Growers of California’s desert produce continue to expand organic programs and to comply with buyer requests for sustainably grown fruits and vegetables.
Five Crowns Marketing in Brawley, Calif., offers organic cantaloupes grown in the Imperial Valley during May, said Daren Van Dyke, director of sales and marketing.
Although most of the company’s products are conventionally grown, he said the organic category is expanding as retailers add at least some organic items to their conventional lines.
“It’s not steamrolling, but it continues to pick up interest,” he said.
As the category expands, though, profit margins on organics are shrinking, said Jon Vessey, owner and president of Vessey & Co. Inc., Holtville, Calif.
As long as the demand is there, however, the company wants to grow with the category, he said. Vessey already has a winter organic program and plans to grow some organic squash, tomatoes, eggplant and watermelons next spring.
Bakersfield, Calif.-based Anthony Vineyards offers more organic table grapes every year, said Bob Bianco, co-owner.
“Our company eventually will probably be 40% organic,” he said. “That’s what we’re striving for.”
Demand exists for red, green and black grapes, he said.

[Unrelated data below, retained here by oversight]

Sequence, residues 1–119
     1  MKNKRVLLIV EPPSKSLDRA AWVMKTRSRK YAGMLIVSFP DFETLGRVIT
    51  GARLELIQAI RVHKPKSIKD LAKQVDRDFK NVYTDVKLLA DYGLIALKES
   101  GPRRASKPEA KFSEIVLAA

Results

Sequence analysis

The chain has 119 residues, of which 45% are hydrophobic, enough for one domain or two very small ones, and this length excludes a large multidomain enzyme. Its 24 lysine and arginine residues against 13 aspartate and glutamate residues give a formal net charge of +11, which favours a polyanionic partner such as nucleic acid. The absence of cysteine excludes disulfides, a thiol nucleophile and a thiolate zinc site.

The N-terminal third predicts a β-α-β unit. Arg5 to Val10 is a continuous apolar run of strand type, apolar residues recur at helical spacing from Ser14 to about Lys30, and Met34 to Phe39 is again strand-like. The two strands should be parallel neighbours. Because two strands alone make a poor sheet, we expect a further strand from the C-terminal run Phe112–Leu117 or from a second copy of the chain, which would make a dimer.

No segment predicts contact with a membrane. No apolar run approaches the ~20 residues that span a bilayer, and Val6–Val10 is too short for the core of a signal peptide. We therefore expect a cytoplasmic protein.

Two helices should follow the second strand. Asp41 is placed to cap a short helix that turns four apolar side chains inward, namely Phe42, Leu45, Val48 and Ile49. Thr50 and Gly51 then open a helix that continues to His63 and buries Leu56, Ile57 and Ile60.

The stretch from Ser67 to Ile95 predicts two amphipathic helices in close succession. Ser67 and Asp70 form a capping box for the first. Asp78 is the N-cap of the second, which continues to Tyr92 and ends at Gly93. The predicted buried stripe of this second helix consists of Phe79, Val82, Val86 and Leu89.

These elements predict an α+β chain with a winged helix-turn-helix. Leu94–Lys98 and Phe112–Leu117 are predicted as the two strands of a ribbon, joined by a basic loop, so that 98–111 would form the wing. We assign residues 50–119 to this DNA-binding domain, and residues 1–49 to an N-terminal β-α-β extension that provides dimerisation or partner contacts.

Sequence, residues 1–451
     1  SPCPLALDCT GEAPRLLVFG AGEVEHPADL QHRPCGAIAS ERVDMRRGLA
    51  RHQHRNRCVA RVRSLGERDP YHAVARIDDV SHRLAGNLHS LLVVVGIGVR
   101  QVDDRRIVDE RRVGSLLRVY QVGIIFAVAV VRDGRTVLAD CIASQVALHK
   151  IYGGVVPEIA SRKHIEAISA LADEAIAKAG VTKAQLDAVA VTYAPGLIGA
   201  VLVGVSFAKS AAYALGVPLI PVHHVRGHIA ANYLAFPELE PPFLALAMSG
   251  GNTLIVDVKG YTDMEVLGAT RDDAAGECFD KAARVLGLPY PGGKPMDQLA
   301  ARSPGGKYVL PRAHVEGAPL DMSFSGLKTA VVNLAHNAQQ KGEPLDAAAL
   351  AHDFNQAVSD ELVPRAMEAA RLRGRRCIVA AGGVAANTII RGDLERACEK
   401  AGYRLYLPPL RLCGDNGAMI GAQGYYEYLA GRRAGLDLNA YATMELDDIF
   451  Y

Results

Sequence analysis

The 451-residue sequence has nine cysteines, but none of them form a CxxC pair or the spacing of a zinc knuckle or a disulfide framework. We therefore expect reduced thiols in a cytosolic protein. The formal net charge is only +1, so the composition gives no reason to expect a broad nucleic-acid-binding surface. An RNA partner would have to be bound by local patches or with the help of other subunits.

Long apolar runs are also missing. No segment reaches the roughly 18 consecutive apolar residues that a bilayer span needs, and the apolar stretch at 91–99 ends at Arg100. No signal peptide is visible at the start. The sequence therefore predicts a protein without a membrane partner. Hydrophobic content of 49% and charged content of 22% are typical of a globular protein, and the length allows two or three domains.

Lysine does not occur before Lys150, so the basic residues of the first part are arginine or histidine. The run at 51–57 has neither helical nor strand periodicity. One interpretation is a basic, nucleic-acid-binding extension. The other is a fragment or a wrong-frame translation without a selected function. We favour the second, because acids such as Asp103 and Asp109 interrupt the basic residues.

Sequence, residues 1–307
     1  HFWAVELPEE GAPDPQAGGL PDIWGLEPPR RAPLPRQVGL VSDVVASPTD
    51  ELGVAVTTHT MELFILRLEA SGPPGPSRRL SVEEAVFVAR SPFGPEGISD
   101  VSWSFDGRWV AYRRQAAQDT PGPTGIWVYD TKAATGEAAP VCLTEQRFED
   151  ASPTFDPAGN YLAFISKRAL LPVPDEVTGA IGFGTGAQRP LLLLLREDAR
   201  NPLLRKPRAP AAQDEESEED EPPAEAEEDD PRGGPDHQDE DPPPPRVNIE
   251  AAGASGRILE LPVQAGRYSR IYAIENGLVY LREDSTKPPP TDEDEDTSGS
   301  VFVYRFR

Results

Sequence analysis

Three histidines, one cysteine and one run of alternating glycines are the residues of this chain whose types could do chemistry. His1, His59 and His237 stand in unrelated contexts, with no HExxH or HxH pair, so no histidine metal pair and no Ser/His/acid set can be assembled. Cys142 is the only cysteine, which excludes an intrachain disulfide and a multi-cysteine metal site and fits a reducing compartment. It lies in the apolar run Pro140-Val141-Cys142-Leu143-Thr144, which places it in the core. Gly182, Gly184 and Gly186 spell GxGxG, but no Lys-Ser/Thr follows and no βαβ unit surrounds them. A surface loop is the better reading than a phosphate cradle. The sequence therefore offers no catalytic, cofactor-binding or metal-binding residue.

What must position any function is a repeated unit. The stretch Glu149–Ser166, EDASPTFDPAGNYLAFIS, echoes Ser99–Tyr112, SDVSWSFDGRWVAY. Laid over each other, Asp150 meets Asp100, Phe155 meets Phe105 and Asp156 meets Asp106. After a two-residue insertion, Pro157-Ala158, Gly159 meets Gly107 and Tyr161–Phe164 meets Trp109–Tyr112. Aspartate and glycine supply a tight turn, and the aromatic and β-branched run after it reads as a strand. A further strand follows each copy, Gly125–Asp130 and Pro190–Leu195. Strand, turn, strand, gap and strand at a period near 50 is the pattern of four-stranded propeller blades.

Drake Larson, owner of Drake Larson Sales, Thermal, Calif., plants only a small section of organic grapes so as not to produce an oversupply.
His organic customer base consists mostly of upscale retailers that are flavor oriented, he said.
Larson grows conventional and organic grapes, including flames, perlettes and its own Mariah variety — a sweet, black seedless grape that is available in June.
“Our breeding program is cranking out new varieties,” Larson said.
He expects organic grapes to start in late May.
Richard Bagdasarian Inc., Mecca, Calif., and its Pasha Marketing LLC division offer a full complement of conventional and organic table grapes; green, red and yellow bell peppers; and eggplant, and continues to ramp up its organic program, said Franz De Klotz, vice president of marketing.
“We continue to build on that customer base,” he said.
None of the organic items are grown “on spec,” De Klotz said.
“We’re doing it all to answer requests from customers,” he said.
The company is seeing more requests for organics from all of its retail customers, he said.
“For us, (organics) is working its way into being a viable part of our business.”